When you’re a first time property buyer, there’s lots to learn about the home buying process. With the overabundance of information it might be difficult to choose those aspects you must focus on the most – and a mistake but be very costly.
Here are eight things you need to know to make your home buying process a successful one:
Your Credit Score is Incredibly Important
Check out your credit score before making a mortgage application. Whilst checking your score too often can have a negative effect, a rejected mortgage application will be much worse. Find out about your credit score as early on in the process as possible. That way you have time to raise queries and make improvements before applying for your mortgage.
There are Different Mortgages Available
Not all mortgages are the same. Some will allow you to fix your interest rate for a number of years. Others offer a variable rate that will fluctuate over time. You can also sometimes change the number of years over which you wish to pay your mortgage or even seek out a mortgage specifically to let the property you buy. Do some thorough research to find out which mortgage will best suit your situation.
You’ll Need Lots of Documentation
When granting a home loan to a buyer, banks will want to see a whole heap of paperwork. Proof of earnings (usually in the form of payslips), account statements and identification. Depending on how complicated your situation is – for instance if you’re self-employed – you may need to provide further proof of your ability to repay the loan.
Consider More than the Sale Price
Before you sign a deed on a home, you need to understand exactly what you are taking on. Once you’ve bought the house, could you afford to pay for expensive roof repairs, damp proofing or the new kitchen it so desperately needs? Factor in all of the costs (even the costs of moving and insurance) when agreeing on a sale. That way you won’t have any nasty financial surprises further down the line.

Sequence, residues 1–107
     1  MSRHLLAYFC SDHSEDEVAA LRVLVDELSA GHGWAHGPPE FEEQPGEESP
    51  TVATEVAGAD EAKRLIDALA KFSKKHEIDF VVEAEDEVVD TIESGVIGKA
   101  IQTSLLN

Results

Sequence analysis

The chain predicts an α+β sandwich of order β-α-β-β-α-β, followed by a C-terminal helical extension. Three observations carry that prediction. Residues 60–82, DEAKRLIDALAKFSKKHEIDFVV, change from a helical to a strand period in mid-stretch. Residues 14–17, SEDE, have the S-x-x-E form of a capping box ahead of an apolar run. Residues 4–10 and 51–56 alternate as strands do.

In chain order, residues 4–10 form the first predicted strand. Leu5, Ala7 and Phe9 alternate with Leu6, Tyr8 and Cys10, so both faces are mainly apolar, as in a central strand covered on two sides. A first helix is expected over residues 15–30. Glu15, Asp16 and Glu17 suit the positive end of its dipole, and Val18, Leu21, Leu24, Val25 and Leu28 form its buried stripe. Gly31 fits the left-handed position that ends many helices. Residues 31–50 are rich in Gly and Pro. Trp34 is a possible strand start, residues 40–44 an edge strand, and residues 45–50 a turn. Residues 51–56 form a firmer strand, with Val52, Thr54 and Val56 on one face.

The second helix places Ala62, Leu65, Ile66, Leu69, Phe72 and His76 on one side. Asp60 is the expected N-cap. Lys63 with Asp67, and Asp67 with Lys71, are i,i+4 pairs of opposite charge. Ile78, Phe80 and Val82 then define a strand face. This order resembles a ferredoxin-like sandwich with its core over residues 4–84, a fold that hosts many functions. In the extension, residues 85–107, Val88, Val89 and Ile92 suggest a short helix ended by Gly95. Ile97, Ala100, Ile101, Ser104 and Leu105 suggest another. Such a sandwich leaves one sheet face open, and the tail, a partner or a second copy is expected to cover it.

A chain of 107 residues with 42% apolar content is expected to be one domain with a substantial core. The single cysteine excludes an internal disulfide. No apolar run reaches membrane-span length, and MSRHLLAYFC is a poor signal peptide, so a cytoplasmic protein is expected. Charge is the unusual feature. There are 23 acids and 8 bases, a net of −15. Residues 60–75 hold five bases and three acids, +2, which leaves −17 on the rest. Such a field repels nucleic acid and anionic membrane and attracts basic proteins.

Your Needs Might Change
Moving home is expensive and you need to know that the house you choose will be suitable for at least a good few years to come. If you’re currently a carefree couple but may want to start a family one day, think about whether your chosen property offers scope for a baby or two. Equally, if you’re planning to change jobs or get married, these factors should all be considered as you make your property decisions.
Consider the Neighborhood
Spend some time in the neighborhood you want to buy in. Do the neighbors seem friendly? Does it feel safe after dark? Even if having kids seem a long way off, find out about the quality of local schools. And don’t count on an “up-and-coming” neighborhood getting a revamp in the short term. A rundown area may take decades to revitalize and you always run the risk that it won’t change at all.
Plan for an Interest Rate Rise
Whenever you’re buying, whether interest rates are high or low, you need to know what effect an interest increase would have on your mortgage repayments. Stretching your budget to get the house of your dreams is a risk. Work out how much you may end up paying each month and whether it would be affordable. Then build in a buffer to your budget just in case.
It’s Hard Work…But Worth It
Buying a home is one most stressful life events we go through. It’s hard work, with lots to learn and lots of hoops to jump through. But, if you’ve really decided that the world of renting is no longer for you, it will all be worth it in the long run. There’s no greater reward than getting the keys to your new home and having a place to truly call your own.
Searching for and finding a home can be lots of fun. Then comes the hard part. Prepare yourself for the challenging journey to come and keep your eye on the end goal – your very own home.
Michelle Arios is an Assistant Manager, currently writing for BizDb.co.nz – an online business directory. Interested in investing and real estate, Michelle often shares her suggestions with her readers online. Feel free to follow her on @MichelleArios.